Thursday, March 7, 2013

Will a comet hit Mars? - According to analysts at NASA, newly discovered Comet 2013 A1 (Siding Spring) will pass very close to Mars in October 2014. Observations through March 1, suggest a flyby only 31,000 miles from the red planet's surface, and NASA cannot yet rule out an impact.

**Problems are pushy. They are very aggresive,
forcing themselves upon us.
Possibilities are shy,
and they must be sought out.**
Thomas Thiss

Live Seismograms - Worldwide (update every 30 minutes)

This morning -

Yesterday -
3/6/13 -

Volcano Webcams

Indonesia - Warning as Indonesian volcano spews ash. Indonesian scientists are closely monitoring a smoking volcano popular with tourists on Java island and are urging everyone to stay off the mountain's slope. Mount Tangkuban Perahu in West Java province has spewed smoke and ash nearly 500 metres into the air since Monday. Scientists have put it on the second-highest alert level. Debris and lava have not tumbled far, and nearby towns and villages remain safe. Authorities are warning tourists to stay at least 1.5km away from the crater because of the poisonous gas inside. The volcano last erupted in 1983. Visitors ordinarily can hike to the crater's edge to view boiling mud up close.

Guatemala - Small strombolian explosions continued at the summit of Fuego volcano Wednesday. Periodic jet-like roars are also reported coming from the vent, along with occasional moderate-sized hot avalanches/pyroclastic flows. (Video)

No tropical storms.

Cyclone Sandra has experts baffled as to where it may land - Cyclone Sandra, forming off Townsville, Australia, could go out to sea but it could also head for the Queensland coast as it gathers strength Thursday.
The low threatening the Queensland coast is forecast to form into a cyclone in the next 12 to 24 hours. Weather Bureau forecasters say it is 1050km east of Cairns (500km east of Townsville) and intensifying. It is expected to move southeast over the weekend and will not effect Queensland in this period. The best take on the big storm was that it would develop into a cyclone and then drift north-west away from the coast next week. "But two models have it drifting back towards the coast about Wednesday. We think that is a less likely scenario but it does raise a red flag. We've got to keep a close eye on it because of the doubt in the forecasts."
All coastal catchments were soaked to the extent that just 50mm of rain could cause flash flooding. "Who needs a cyclone now?" "It's likely to become a category 1 cyclone tonight or tomorrow and looks like it will continue intensifying. It'll drift southeast but it's uncertain what it will do next week. Given some models say it will come back toward the coast, we need to keep an eye on it." For the “short to medium term” they are confident the cyclone would remain in the Coral Sea but the long-term was still uncertain. “Whether it will develop a westward track back to Queensland, we’re unsure. There is a fair degree of uncertainty there.”
Over the weekend the cyclone is expected to move eastwards. But computer models cannot agree if it will merely head to sea or whether New Caledonia, Fiji or Australia will feel its brunt. Two major weather systems are steering the big storm but it is not clear which will be the major player in its course. If a strong northwest monsoon flow prevails over a southeasterly high, the storm will be pushed away from Australia. If the position is reversed it could head towards the coast.
Coral Sea cyclones have a reputation for erratic patterns. "Some behave. Yasi did. It had a reasonably consistent track but some you see have really erratic paths. They do all sorts of things. They go north, go south, do loops and this one might live up to the reputation." The Early Warning Network, a commercial organisation that sends out severe weather alerts, has produced a map showing computer modelling tracks. It's a confusing array of directions.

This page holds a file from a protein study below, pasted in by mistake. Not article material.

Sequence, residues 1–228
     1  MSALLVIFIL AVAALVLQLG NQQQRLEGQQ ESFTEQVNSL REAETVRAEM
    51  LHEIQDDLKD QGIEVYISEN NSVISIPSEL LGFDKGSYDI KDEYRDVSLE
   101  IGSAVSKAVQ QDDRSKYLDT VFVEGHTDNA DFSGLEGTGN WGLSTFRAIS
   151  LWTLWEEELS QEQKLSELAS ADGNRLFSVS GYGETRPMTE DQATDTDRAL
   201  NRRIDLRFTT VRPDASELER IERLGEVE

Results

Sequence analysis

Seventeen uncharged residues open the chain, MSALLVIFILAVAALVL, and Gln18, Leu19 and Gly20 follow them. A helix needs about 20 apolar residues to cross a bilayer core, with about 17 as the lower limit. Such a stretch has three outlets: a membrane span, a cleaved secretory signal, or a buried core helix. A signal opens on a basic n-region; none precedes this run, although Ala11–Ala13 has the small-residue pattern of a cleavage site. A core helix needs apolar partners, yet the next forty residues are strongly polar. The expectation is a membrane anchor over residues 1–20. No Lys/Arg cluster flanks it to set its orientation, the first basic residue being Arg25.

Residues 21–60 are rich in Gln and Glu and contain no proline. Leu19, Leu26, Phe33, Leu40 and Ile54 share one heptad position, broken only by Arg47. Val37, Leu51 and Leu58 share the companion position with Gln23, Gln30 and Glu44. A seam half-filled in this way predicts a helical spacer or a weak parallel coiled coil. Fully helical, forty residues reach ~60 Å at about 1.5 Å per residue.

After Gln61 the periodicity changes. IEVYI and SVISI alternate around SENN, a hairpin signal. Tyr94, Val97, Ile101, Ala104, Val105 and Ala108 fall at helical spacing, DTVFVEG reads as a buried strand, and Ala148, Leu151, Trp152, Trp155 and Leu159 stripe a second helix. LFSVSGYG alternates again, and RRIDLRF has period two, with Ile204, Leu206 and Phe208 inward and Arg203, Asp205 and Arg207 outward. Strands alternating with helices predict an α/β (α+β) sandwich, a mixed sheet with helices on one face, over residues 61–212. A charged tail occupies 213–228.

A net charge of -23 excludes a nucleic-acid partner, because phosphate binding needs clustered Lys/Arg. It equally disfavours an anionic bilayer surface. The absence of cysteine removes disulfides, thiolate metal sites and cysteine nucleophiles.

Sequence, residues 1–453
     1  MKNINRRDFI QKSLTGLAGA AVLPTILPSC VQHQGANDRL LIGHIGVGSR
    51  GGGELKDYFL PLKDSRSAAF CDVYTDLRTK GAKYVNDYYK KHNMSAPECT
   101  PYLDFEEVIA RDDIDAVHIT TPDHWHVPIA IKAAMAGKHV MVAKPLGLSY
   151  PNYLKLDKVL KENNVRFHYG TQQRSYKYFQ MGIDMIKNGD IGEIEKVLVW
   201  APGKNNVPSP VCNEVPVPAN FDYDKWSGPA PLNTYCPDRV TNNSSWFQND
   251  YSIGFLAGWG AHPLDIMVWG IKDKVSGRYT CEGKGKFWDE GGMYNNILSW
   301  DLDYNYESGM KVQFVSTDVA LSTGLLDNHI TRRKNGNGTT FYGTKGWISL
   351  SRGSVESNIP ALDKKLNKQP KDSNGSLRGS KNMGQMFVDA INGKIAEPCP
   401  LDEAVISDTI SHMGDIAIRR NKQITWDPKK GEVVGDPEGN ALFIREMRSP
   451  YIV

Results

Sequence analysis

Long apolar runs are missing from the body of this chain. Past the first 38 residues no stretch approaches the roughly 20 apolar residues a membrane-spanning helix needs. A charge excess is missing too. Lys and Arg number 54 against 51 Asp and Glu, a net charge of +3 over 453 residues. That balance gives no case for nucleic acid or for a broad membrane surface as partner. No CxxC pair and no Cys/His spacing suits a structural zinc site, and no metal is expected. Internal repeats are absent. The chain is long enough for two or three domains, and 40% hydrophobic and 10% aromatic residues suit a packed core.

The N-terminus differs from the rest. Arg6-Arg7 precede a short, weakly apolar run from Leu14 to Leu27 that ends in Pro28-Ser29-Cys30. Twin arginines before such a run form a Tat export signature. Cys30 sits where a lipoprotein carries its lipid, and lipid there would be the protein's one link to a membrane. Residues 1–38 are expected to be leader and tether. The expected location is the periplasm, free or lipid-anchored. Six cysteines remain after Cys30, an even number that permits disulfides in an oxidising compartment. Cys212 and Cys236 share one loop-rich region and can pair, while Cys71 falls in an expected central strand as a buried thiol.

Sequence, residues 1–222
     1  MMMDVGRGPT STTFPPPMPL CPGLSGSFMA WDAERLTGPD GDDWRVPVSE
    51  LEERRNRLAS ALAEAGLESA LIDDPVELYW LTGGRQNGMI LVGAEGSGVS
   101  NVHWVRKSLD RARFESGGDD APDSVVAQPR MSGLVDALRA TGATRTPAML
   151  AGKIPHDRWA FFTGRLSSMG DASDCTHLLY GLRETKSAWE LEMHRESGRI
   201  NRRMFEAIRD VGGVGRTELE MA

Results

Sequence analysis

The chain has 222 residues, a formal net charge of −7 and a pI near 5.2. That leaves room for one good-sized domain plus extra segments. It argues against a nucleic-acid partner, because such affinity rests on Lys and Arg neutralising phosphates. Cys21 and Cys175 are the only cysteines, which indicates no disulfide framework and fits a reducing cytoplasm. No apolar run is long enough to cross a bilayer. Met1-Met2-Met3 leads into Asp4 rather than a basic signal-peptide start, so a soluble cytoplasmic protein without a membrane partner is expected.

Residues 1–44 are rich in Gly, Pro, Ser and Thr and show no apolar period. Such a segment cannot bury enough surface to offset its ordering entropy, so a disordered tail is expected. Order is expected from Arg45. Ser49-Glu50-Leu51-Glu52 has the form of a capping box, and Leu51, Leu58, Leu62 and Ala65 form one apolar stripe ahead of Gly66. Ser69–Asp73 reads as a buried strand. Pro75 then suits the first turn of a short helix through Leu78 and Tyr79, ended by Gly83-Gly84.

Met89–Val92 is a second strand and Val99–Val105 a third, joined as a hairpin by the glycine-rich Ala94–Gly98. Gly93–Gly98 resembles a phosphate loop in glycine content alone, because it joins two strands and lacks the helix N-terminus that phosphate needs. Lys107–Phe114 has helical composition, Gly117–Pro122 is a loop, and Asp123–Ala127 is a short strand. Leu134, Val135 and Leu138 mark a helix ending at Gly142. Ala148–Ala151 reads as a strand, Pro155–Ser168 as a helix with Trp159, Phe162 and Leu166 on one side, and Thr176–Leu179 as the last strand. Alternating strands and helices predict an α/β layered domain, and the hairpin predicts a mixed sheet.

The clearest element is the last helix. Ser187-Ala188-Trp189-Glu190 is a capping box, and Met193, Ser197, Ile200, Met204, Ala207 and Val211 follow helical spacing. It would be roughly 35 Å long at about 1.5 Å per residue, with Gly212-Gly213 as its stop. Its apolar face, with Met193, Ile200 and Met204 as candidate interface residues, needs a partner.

Major US, European and Australian models differ, showing just how difficult it is to forecast Coral Sea cyclones. "Everyone's got a different outcome. Some have it coming down near Brisbane, others have it crossing the coast in the north and others have it going away completely. "Things should crystallise over the next 48 to 72 hours. I hope it doesn't come this way. We've had enough." "Queensland has been hard hit yet again by Mother Nature, with very heavy rain causing flooding throughout the southwest." A high is producing gale force winds and a big swell, with waves to 7m recorded by an Environment Department buoy off North Stradbroke Island yesterday.
Whichever way it moves, the cyclone is expected to whip up big seas which will batter Queensland's already eroded beaches. Cyclone Sandra could reach a category 3 in strength. (updated satellite map and historical path map)
If Cyclone Sandra hits Queensland early next week, it will create the "unprecedented" situation of four major flood events in five weeks.

Cyclone Rusty sparks massive North West algal bloom - The residents of Port Hedland may have been largely spared the wrath of Rusty as the category four cyclone crossed the northwest coast of Australia last week but the surrounding environment has been severely affected.


More bad news about 'nightmare bacteria', CDC says - There's more evidence that untreatable or tough-to-treat infections from a rare but deadly superbug are on the rise in U.S.

More cases in multistate Salmonella outbreak linked to chicken - Four more illnesses have been reported in a multistate Salmonella Heidelberg outbreak linked to a brand of retail chicken, and lab testing in Washington has detected the outbreak strain on products from patients' homes.


Bumble Bee Foods, LLC, has issued a voluntary recall on specific codes of 5-ounce Chunk White Albacore and Chunk Light Tuna products. The recall has been issued because the products do not meet the company's standards for seal tightness.